Representing a clearly visible symbol of power, San Vigilio Castle has been the residence of Bergamo’s numerous rulers for centuries. It is located 496 meters above the sea level, on top of the hill that gives it its name, overlooking the Città Alta: that’s why it used to have a strategic role in case of attacks. The circle plan of the building resembles a star, featuring the four towers called Castagneta, Belvedere, Del Ponte and San Vigilio. Its basements are very tortuous: a tunnel (accessible in part) was also found, connecting the castle directly to the northern side of the hills fortification, inside the San Marco Fortress.
The first news about a fortification on the Hill dates back to the 6th century AD, even if we can’t rule out the presence some previous Roman buildings. In 889, the future king of Italy Arnolfo di Carinzia decided to conquer it, sending away the religious community inhabiting it since the VI Century, which had built a small fortress called Castello della Cappella (Chapel’s Castle), dedicated to Saint Mary Magdalene.The structure thus became a strategic military post, to the extent that in 1166 Bergamo Town Council decided to build a bigger castle. Thanks to the work of Milan’s Duchy in the XIV Century and mostly of the Republic of Venice in The XV century, San Vigilio Castle underwent further enlargements and reinforcements. Many changes were carried out, including the four fortified towers provided with casemates and embrasures connected one another by a defensive wall and a protection moat.
During the XVI century the castle endured numerous sieges by the French and the Spanish. Therefore, a massive defensive wall was built, while the central medieval tower was demolished in order to let more garrisons get in; besides, the castled was equipped with the soldiers’ accommodations and the castellan’s house.
In the end of the XIX century, the castle begun to be seen as touristic attraction: the entire historical complex was purchased by the Soregaroli family to open a restaurant. It was a kind of premonition, as today the San Vigilio hill, with its two fancy restaurants, is considered one of the best places to have a romantic dinner. The San Vigilio funicular, established in 1912 to connect the hill to Sant’Alessandro Gate, also enhances the charming atmosphere
Later, the castle was bought by Bergamo’s Municipality and opened to the public in 1962, while the funicular (closed since 1976) was reactivated in 1991.
Currently the secret passage linking the San Marco Fortress with the castle can be visited, thanks to the activity of a speleological group called “Le Nottole”, which arranges guided tours on request.References:
The original Cochem Castle, perched prominently on a hill above the Moselle River, served to collect tolls from passing ships. Modern research dates its origins to around 1100. Before its destruction by the French in 1689, the castle had a long and fascinating history. It changed hands numerous times and, like most castles, also changed its form over the centuries.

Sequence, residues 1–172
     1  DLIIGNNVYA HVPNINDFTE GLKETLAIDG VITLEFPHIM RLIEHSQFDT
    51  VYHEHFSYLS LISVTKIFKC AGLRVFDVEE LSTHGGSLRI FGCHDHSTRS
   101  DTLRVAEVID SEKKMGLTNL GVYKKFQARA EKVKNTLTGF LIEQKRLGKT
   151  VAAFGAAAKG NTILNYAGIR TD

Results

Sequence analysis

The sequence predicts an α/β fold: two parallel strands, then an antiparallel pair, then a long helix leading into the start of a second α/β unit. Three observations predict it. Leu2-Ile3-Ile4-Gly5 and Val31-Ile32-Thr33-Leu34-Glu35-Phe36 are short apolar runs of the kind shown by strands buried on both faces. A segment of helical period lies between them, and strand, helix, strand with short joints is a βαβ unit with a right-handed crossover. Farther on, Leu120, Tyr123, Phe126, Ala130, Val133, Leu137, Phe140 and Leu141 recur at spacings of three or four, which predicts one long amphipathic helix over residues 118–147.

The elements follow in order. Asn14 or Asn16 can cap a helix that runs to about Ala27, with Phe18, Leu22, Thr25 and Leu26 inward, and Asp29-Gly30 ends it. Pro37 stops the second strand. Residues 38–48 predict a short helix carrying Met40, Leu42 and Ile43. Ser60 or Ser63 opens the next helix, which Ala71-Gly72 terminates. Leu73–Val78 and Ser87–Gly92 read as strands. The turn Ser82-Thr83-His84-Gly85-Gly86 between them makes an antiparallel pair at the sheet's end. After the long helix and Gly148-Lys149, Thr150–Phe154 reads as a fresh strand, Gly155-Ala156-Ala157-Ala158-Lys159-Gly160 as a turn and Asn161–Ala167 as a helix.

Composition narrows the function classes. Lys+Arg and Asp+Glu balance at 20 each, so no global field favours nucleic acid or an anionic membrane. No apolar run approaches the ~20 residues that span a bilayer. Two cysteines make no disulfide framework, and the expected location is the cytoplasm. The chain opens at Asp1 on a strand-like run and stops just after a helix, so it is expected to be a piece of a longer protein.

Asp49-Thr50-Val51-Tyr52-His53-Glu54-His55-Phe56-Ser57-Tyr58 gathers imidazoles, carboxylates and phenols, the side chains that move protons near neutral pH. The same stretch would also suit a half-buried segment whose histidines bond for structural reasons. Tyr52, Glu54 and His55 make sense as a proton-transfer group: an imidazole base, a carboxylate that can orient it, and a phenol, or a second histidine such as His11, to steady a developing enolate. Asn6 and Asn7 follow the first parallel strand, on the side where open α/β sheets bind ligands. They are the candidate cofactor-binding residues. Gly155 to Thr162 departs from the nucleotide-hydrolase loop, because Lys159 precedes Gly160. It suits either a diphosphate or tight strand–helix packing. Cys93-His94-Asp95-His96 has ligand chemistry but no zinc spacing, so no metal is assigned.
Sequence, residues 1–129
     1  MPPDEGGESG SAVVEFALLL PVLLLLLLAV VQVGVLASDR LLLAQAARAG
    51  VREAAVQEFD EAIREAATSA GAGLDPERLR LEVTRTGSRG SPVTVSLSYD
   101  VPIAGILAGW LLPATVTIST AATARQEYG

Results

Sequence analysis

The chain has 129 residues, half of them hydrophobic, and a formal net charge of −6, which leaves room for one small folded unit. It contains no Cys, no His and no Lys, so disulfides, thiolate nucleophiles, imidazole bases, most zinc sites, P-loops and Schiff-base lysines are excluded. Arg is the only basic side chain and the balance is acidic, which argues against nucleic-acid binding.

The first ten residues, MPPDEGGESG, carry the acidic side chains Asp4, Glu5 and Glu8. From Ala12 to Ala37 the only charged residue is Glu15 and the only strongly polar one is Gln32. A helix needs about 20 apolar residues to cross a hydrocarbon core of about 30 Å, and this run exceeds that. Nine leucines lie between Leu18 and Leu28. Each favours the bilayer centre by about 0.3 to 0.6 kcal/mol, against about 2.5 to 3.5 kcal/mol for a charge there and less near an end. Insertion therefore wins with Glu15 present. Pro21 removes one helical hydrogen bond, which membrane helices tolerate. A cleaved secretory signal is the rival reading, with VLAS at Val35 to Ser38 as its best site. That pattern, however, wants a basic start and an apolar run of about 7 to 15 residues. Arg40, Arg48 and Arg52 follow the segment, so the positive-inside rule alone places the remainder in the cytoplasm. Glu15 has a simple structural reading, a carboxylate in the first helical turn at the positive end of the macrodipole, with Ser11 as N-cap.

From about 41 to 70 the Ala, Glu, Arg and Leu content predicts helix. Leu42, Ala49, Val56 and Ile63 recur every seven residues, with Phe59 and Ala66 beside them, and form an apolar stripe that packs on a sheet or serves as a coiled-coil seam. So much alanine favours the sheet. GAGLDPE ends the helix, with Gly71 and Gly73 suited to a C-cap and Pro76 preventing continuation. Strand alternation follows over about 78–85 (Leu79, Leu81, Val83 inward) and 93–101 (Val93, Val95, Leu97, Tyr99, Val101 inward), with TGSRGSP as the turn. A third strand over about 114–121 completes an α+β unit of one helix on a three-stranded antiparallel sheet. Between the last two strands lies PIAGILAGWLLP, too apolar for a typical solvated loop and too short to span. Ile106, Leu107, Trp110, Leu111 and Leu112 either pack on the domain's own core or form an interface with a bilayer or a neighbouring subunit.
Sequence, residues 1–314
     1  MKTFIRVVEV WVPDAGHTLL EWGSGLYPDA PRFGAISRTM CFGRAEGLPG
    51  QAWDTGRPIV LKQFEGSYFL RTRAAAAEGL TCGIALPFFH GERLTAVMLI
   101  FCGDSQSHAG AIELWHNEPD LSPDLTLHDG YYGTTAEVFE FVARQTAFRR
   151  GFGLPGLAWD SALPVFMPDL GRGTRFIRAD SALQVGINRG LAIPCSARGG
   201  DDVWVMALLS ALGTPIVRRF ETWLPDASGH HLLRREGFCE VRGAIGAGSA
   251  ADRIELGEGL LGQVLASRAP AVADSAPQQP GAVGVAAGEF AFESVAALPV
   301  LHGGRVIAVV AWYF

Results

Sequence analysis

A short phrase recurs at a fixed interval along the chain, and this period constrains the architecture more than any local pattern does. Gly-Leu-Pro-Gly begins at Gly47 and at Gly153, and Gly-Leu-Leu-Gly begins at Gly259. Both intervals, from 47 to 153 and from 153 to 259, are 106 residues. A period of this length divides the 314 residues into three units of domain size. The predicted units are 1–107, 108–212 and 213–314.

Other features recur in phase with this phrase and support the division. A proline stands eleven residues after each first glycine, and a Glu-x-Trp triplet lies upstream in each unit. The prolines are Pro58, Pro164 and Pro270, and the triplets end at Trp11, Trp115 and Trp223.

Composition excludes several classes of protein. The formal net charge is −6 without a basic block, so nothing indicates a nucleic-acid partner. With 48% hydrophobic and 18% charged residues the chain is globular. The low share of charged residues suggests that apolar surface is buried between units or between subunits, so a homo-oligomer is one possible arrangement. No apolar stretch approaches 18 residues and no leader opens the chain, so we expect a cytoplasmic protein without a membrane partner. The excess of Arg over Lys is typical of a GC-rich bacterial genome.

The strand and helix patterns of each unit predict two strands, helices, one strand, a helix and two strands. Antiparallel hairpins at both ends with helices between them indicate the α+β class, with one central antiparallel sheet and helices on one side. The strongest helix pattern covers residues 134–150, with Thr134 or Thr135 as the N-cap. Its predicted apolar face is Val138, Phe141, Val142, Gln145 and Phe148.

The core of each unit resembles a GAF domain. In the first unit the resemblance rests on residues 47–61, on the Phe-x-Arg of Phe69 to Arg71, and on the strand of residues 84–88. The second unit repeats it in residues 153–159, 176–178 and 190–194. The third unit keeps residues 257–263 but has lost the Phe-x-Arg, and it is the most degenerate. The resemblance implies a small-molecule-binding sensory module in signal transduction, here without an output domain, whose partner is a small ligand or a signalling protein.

In 1151 King Konrad III ended a dispute over who should inherit Cochem Castle by laying siege to it and taking possession of it himself. That same year it became an official Imperial Castle (Reichsburg) subject to imperial authority. In 1282 it was Habsburg King Rudolf’s turn, when he conquered the Reichsburg Cochem and took it over. But just 12 years later, in 1294, the newest owner, King Adolf of Nassau pawned the castle, the town of Cochem and the surrounding region in order to finance his coronation. Adolf’s successor, Albrecht I, was unable to redeem the pledge and was forced to grant the castle to the archbishop in nearby Trier and the Electorate of Trier, which then administered the Reichsburg continuously, except for a brief interruption when Trier’s Archbishop Balduin of Luxembourg had to pawn the castle to a countess. But he got it back a year later.
The Electorate of Trier and its nobility became wealthy and powerful in large part due to the income from Cochem Castle and the rights to shipping tolls on the Moselle. Not until 1419 did the castle and its tolls come under the administration of civil bailiffs (Amtsmänner). While under the control of the bishops and electors in Trier from the 14th to the 16th century, the castle was expanded several times.
In 1688 the French invaded the Rhine and Moselle regions of the Palatinate, which included Cochem and its castle. French troops conquered the Reichsburg and then laid waste not only to the castle but also to Cochem and most of the other surrounding towns in a scorched-earth campaign. Between that time and the Congress of Vienna, the Palatinate and Cochem went back and forth between France and Prussia. In 1815 the western Palatinate and Cochem finally became part of Prussia once and for all.
Louis Jacques Ravené (1823-1879) did not live to see the completion of his renovated castle, but it was completed by his son Louis Auguste Ravené (1866-1944). Louis Auguste was only two years old when construction work at the old ruins above Cochem began in 1868, but most of the new castle took shape from 1874 to 1877, based on designs by Berlin architects. After the death of his father in 1879, Louis Auguste supervised the final stages of construction, mostly involving work on the castle’s interior. The castle was finally completed in 1890. Louis Auguste, like his father, a lover of art, filled the castle with an extensive art collection, most of which was lost during the Second World War.
In 1942, during the Nazi years, Ravené was forced to sell the family castle to the Prussian Ministry of Justice, which turned it into a law school run by the Nazi government. Following the end of the war, the castle became the property of the new state of Rheinland-Pfalz (Rhineland-Palatinate). In 1978 the city of Cochem bought the castle for 664,000 marks.